There is no difference between Christmas and Eid

Published: December 25, 2014
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An image of Santa Claus is displayed on the glass door of a gift shop to attract customers ahead of Christmas in Peshawar. PHOTO: REUTERS

Tis’ the season to be jolly!

December always comes with great tidings; winter chills, hot chocolate, numerous holidays and an opportunity to make new resolutions. And along all this, it also brings the joyful day of Christmas.

This day is an embodiment of religious beliefs, which celebrates a miraculous event and a time of togetherness. Two billion Christians all over the world celebrate this day with great spirit and felicity.

As a child, the idea of Christmas for me was all about decorating Christmas trees, receiving presents and Santa stuffing himself down a chimney. I used to be most excited about meeting Santa and receiving a present from him. However, as I grew up, I realised that it goes way beyond that. Christmas is to Christians what Eid is to Muslims. Just as Eidul Fitr is a lot more than just giving and receiving money, Christmas is much more than just presents under a Christmas tree.

Just as Eidul Fitr and Eidul Azha teach us about the importance of patience and sacrifice, Christmas teaches us about sharing and giving. These are not codified religious morals, they are universal morals; therefore, we should seek to learn from others – not only as individuals, but also as a community.

I remember once how our domestic help came to our house with a Christmas cake as a present, to celebrate it with us even though he was on leave. I found that extremely touching, considering he could have utilised that money elsewhere for his celebration. Yet, he chose to celebrate it with us. This gesture made me realise how very similar Christmas is to Eid, or any other religious festival.

Pakistan is home to three million Christians, making them the second largest minority group in the country, after Hindus. But they aren’t the only ones who celebrate Christmas. Every year, in this Muslim-majority nation, we witness Christmas being popularly celebrated amongst non-Christian households as well. Private dinners and lunches as well as carnivals are hosted to celebrate Christmas on the 25th every year.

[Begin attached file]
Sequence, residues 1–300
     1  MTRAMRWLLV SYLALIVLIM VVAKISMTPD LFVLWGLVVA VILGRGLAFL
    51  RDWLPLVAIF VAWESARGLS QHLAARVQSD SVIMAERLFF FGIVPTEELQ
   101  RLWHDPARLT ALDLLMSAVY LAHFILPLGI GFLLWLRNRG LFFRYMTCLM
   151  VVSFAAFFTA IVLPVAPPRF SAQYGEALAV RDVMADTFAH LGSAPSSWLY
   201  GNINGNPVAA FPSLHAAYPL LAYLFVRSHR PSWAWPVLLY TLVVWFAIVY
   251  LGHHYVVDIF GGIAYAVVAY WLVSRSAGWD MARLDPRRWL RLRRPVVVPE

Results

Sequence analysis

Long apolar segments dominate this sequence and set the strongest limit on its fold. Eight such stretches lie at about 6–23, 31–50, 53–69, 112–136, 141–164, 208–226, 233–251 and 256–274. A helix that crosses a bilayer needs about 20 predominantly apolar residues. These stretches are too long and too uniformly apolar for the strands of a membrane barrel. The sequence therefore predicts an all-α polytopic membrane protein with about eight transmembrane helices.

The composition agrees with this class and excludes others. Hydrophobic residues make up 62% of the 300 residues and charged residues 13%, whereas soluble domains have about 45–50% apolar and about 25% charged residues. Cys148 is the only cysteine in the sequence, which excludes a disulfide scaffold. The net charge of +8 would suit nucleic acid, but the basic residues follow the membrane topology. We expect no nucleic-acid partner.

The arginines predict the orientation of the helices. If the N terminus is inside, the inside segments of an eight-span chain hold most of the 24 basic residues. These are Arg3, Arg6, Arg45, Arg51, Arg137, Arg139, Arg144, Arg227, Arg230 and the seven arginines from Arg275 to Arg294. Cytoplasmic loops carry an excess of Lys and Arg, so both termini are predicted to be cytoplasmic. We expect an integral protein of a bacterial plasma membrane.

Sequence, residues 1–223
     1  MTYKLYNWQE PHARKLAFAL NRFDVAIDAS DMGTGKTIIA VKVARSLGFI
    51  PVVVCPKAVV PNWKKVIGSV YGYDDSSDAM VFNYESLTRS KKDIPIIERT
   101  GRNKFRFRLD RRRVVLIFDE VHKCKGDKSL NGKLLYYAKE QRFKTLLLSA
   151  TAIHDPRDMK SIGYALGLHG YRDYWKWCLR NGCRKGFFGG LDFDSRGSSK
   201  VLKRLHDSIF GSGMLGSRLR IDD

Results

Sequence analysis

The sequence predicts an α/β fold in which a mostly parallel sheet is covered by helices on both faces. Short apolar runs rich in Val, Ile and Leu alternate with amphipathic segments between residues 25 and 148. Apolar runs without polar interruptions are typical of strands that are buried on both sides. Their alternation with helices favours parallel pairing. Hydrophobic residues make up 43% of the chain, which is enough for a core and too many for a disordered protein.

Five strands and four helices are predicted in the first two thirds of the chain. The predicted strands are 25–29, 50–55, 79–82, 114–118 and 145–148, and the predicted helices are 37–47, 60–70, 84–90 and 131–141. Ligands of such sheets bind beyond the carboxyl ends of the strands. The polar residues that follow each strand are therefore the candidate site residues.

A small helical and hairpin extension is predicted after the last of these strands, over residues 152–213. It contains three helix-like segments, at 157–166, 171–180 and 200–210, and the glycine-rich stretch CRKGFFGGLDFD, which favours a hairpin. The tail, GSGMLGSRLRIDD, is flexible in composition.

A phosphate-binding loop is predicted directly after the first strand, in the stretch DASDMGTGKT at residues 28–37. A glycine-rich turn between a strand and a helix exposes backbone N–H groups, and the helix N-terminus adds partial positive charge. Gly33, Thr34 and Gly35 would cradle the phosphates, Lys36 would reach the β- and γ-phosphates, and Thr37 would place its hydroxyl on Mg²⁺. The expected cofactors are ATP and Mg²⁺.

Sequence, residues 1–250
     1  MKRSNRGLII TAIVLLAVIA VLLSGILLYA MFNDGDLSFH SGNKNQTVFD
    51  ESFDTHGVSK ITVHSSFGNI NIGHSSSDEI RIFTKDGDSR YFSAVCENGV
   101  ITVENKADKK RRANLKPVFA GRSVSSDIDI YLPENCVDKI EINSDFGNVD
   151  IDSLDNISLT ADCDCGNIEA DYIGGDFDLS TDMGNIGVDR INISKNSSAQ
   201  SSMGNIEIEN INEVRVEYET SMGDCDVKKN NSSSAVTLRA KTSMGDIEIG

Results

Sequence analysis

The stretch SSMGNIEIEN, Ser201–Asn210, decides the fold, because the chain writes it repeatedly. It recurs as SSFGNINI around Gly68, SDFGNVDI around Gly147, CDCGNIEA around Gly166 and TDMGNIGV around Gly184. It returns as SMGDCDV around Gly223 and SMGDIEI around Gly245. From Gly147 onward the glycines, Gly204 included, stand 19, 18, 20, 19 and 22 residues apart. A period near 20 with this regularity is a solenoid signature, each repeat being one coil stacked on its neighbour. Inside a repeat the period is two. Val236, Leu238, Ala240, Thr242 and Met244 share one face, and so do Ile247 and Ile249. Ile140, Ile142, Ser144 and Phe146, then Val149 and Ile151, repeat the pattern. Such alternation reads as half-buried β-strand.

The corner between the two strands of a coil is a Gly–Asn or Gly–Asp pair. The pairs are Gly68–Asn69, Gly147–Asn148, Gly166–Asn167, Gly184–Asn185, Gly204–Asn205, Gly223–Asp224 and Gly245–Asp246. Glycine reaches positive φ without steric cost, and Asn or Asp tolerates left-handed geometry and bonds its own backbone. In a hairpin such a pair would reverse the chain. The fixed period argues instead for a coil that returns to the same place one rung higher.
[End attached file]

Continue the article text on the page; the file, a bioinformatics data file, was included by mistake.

Organisations such as the British Women’s Association (BWA), which is a group of women working towards philanthropic causes, have successfully been hosting a Christmas bazaar in Karachi for over 15 years now. The Christmas bazaar has a variety of stalls for books, clothes, fun activities for children, food and much more. The proceeds of the Christmas bazaar go on to charity. The charm about these Christmas bazaars is that people of different faiths and strata attend it. Along with the spirit of Christmas, an essence of equality and solidarity is also noticeable at the bazaar.

BWA stalls at the Beach Luxury Hotel. PHOTO: AYESHA MIR/EXPRESS

These celebrations also go beyond social events. Restaurants introduce special Christmas menus, bakeries have specialised baked items, Christmas sales are organised at malls and most television channels air Christmas specials.

These happenings may come as a surprise to most, given the increase in cases pertaining to blasphemy laws, fatwas and extremist ideologies. Many Pakistani Muslims believe that wishing “Merry Christmas” to fellow Christians or being part of their celebrations would mean going against Islamic principles. This is not true. Partaking in another religions festival does not make one an unbeliever, neither does one automatically convert by enjoying a different religions event.